Consolidation has claimed most of the commodities exchanges that once dotted the Midwest. But a Minneapolis institution endures.
A product of long-gone days when flour milling was king, the Minneapolis Grain Exchange is on a roll these days.
A sea change in Canada’s grain marketing system is creating new opportunities for the Minneapolis exchange’s signature wheat futures contract. Volume in that contract is relatively strong. And a new apple juice futures contract could provide an additional boost.
The question is whether the exchange, a downtown landmark and the nation’s last independent agricultural futures market, will still be around in a few years to reap the benefits.
Commodity exchanges across the globe — those trading futures contracts on everything from Treasury bonds to oil to pork bellies — have been rapidly combining over the past decade.
“We’re a business and we’re willing to sit down and talk [with potential suitors],” Minneapolis Grain Exchange CEO Mark Bagan said.
But he said the focus remains on growing the business. “The bottom line is we’ve been around for 132 years and we’ve been able to survive.”
In the United States, the futures business is controlled by Chicago-based CME Group, owner of the Chicago Mercantile Exchange and Chicago Board of Trade, and Atlanta-based IntercontinentalExchange (ICE), owner of myriad global commodity exchanges. The latter is buying the New York Stock Exchange’s parent company for over $9 billion.
While CME and ICE have rolled up exchanges over the last decade, “it’s more than just consolidation,” said Ed Usset, a grain marketing specialist at the University of Minnesota. “The whole industry has gone private.”
Commodity exchanges historically were member-owned, nonprofit groups, Usset said. CME and ICE are huge, profitable businesses with multibillion-dollar market capitalizations. “And here is the Minneapolis Grain Exchange, fighting it all by itself,” Usset said.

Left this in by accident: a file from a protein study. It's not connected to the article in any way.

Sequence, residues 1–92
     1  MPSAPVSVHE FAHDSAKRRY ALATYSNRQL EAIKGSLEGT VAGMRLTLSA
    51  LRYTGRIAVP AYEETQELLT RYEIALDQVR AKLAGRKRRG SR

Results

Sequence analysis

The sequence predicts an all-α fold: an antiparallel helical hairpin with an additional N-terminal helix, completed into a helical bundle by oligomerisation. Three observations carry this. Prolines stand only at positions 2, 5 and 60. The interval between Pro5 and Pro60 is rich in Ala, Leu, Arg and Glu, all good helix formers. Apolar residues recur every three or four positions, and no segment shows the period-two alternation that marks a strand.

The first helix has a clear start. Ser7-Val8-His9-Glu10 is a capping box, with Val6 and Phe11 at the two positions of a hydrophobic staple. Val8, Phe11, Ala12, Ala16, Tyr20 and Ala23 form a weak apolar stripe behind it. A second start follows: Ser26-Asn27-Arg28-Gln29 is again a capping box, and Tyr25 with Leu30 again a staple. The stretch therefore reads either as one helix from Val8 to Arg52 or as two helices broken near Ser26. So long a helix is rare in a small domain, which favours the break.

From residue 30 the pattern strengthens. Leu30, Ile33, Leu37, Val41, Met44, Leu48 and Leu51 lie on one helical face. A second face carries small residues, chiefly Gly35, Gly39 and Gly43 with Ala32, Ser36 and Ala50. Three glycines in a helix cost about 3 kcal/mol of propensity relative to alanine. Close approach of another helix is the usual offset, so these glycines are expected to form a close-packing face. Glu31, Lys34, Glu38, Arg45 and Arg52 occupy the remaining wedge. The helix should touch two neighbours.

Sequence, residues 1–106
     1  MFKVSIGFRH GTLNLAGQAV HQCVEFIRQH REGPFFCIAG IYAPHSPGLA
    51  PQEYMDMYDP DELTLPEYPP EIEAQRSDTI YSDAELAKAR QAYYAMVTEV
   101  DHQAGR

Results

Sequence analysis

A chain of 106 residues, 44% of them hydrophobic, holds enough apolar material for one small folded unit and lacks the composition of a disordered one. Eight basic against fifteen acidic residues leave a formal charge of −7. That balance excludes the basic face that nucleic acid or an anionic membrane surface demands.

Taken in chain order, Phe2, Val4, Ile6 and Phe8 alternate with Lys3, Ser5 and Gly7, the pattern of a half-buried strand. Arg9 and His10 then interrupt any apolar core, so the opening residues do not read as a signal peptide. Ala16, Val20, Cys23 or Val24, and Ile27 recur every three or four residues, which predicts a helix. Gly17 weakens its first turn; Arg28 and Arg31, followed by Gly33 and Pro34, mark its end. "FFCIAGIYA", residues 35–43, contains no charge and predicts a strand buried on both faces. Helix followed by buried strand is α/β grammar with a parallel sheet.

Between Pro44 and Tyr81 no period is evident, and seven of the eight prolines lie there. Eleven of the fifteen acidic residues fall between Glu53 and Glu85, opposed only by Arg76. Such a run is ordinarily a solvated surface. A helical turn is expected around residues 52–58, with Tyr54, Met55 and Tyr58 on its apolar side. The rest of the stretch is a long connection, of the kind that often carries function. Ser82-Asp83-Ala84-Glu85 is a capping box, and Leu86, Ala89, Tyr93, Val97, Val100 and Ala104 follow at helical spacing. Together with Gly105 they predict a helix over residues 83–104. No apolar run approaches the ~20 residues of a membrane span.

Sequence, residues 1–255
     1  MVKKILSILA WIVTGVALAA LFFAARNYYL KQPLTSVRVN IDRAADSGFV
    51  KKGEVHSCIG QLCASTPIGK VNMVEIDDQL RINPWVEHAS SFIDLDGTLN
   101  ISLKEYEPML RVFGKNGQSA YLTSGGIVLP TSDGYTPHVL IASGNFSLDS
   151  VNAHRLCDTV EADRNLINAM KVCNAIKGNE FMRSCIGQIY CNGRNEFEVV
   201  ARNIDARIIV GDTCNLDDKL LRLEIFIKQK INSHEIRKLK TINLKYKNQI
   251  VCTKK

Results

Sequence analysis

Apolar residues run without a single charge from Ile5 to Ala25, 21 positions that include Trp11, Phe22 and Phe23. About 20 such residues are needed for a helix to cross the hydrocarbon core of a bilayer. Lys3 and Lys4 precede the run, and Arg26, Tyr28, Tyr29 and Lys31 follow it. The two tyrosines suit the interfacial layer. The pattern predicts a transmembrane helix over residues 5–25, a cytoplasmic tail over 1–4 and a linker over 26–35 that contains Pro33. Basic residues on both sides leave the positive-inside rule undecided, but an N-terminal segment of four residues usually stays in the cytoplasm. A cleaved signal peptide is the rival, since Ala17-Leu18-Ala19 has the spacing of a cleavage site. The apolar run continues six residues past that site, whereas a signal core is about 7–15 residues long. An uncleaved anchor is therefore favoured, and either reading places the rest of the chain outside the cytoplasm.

Bagan, who became the exchange’s CEO in 2005, said he was hired “to change the corporate culture and run it as a for-profit.” The exchange officially became a for-profit institution in 2010, though its members do not receive dividends.
Bagan is a Minnesota native who started as an exchange trading floor clerk shortly after graduating from Mankato State University in 1988. It was a time “when people were still yelling and screaming in the [trading] pit,” he said.
The key to the exchange’s success is its long hold on trading in hard red spring wheat, particularly its signature futures contract, which sets a global wheat price benchmark. Hard red spring is a high-quality wheat used in breads and pastas and grown particularly in North Dakota, Montana, northwestern Minnesota and western Canada.
Through a futures exchange, farmers, grain handlers, millers and others hedge price risks. A miller might buy a futures contract when prices are low to lock in input costs; a farmer might sell a contract when prices are high to lock in profits. Professional traders speculate on both ends.
Bagan has an appreciation for the exchange’s history: One wall of his office is completely covered by old chalkboards once used to relay prices to pit traders. But Bagan also has presided over historic change at the exchange, and not just in its profit orientation.
Electronic trading, which cuts costs, debuted on the exchange in 2002 and expanded greatly under Bagan’s stewardship. The colorful pit traders, an institution themselves, became extinct in 2008.
The Minneapolis exchange “has done what it needs to do to be viable,” said Randy Martinson, co-owner of Progressive Ag Marketing, a Fargo, N.D., firm that does futures trading for farmers. “I certainly hope the exchange can remain independent. Not only does it have a lot of history for the state and for the region, it’s nice to see an independent voice out there.”